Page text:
Pharaoh Khufu, called Cheops by the Greeks, was the second ruler of Egypt’s fourth dynasty of pharaohs, and the builder of the Great Pyramid of Giza. For centuries this structure has been shrouded in mystery, and its secrets guarded by an ancient tribe of Nubia, the Medjay.
When a German engineer is suspected of stealing one of the pyramid’s most sacred relics he is killed by a Medjay warrior, but the relic is still missing. The quest to retrieve it pulls American software engineer Michael Doyle, on vacation in Egypt to see the pyramids, into a deadly cycle of murder and intrigue as he and the dead engineer’s daughter, Anna Schulze flee a relentless pursuit from Egypt to Germany to Russia, and to a final confrontation in Egypt, as they try to solve the pyramid’s mystery, and stay alive in the process.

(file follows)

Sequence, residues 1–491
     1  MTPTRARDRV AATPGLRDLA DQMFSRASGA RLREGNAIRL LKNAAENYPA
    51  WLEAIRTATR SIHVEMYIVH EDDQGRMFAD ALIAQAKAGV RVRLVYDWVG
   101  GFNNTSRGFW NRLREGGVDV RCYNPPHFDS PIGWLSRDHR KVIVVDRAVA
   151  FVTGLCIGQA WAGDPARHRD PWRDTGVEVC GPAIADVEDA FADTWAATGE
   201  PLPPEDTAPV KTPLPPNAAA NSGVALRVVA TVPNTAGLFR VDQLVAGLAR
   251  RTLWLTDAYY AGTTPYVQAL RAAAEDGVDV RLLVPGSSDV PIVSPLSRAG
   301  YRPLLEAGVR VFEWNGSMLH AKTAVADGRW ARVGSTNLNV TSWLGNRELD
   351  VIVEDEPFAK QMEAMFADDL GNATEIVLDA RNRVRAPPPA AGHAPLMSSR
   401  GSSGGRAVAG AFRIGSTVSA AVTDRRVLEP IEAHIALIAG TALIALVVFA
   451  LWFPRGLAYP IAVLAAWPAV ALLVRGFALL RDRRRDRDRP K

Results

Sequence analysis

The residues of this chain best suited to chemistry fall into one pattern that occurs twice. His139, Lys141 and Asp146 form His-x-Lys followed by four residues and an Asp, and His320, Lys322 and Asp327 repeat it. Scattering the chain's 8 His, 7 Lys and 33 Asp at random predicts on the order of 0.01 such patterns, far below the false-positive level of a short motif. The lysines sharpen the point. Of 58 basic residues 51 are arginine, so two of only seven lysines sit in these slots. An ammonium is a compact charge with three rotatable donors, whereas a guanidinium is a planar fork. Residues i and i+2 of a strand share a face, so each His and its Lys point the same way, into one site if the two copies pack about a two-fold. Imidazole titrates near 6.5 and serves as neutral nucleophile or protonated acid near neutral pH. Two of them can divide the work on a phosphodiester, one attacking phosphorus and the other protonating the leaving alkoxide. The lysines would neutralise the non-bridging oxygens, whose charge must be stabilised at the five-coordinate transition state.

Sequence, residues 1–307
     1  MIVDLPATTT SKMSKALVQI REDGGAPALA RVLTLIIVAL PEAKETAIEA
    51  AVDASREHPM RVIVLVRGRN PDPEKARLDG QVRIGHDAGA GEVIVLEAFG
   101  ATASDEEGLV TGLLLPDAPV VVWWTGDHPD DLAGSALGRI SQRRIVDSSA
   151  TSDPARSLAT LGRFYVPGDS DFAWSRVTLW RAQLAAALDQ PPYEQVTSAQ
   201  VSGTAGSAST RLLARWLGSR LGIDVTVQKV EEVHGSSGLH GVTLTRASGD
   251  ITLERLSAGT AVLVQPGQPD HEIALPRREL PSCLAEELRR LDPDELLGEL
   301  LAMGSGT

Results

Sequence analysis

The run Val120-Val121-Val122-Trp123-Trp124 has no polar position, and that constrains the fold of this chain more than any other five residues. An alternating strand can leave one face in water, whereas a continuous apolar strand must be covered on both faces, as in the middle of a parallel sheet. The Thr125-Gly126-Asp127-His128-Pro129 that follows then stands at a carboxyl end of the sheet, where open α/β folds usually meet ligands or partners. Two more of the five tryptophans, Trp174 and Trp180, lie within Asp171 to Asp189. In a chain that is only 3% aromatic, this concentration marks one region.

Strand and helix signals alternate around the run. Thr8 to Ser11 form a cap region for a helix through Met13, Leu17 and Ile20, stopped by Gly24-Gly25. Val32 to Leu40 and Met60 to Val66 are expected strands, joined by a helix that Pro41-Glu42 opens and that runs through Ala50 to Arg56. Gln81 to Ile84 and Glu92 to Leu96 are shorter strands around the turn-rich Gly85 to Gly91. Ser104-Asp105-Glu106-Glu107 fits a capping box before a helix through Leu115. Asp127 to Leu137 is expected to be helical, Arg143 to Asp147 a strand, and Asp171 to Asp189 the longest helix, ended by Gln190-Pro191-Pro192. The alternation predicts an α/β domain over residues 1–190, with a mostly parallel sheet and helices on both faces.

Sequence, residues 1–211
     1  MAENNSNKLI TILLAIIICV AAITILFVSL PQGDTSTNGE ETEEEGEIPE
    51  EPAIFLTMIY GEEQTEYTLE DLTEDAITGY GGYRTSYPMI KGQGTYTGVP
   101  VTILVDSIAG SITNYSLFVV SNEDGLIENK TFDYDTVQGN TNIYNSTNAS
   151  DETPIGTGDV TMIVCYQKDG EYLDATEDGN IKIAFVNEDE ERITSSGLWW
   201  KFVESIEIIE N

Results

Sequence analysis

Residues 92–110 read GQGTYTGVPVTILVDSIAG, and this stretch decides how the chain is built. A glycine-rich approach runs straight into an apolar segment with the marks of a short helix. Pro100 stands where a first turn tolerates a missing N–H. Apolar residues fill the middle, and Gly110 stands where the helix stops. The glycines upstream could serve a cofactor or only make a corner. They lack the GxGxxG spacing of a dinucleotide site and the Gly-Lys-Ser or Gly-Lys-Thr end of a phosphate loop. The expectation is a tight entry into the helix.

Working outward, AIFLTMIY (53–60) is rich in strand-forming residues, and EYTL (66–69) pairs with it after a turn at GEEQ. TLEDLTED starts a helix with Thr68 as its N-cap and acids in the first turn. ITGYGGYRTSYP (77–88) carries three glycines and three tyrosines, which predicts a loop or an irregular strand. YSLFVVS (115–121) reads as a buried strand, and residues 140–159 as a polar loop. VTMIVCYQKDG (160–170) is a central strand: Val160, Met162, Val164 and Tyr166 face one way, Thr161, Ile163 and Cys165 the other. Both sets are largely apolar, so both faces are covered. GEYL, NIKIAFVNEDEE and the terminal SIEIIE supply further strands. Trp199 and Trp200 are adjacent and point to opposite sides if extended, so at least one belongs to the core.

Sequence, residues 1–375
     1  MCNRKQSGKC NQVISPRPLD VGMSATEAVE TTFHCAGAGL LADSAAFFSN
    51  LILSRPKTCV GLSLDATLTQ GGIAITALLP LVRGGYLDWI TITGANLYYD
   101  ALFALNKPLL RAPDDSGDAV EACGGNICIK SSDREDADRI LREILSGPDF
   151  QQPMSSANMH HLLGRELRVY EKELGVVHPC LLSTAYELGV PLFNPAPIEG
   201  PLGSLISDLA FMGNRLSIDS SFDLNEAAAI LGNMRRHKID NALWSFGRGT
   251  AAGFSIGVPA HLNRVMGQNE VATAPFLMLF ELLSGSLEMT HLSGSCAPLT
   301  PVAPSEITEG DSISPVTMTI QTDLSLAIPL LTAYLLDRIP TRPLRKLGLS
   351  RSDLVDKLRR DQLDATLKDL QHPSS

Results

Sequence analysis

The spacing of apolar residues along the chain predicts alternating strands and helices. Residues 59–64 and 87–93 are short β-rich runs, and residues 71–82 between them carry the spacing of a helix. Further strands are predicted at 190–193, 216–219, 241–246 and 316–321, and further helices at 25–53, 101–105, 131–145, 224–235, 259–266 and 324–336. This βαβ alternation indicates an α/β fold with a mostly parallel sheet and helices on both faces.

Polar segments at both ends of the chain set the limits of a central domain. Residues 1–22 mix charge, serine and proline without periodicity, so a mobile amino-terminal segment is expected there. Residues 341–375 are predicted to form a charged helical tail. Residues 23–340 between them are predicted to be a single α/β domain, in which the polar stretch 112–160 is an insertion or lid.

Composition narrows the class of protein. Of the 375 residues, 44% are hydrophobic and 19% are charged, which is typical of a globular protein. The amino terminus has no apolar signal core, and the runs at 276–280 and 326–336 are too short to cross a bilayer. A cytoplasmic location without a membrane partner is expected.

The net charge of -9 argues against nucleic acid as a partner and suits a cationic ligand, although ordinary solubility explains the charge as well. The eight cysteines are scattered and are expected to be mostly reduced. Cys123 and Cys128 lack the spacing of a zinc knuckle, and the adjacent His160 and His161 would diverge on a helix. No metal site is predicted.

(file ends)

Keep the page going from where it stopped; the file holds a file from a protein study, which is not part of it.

Four Ways to Pharaoh Khufu by Alexander Marmer is a compelling story that weaves ancient Egyptian history with a modern mystery as Michael and Anna engage in a race against time to find the stolen artifact and redeem Anna’s late father’s reputation. Though the action is fast-paced, the story gets bogged down in places when the author narrates interesting, though not always necessary, historical facts. At times, because the timeline switches back and forth between the two main characters and their Medjay pursuer, it gets a bit confusing, but in the end, patience is rewarded as the story comes to a logical and satisfying conclusion.
I received a free copy of this book in exchange for my unbiased review. I give the concept five stars, but must detract a few points for the execution—too much telling rather than showing, with a final rating of 3.7 stars overall.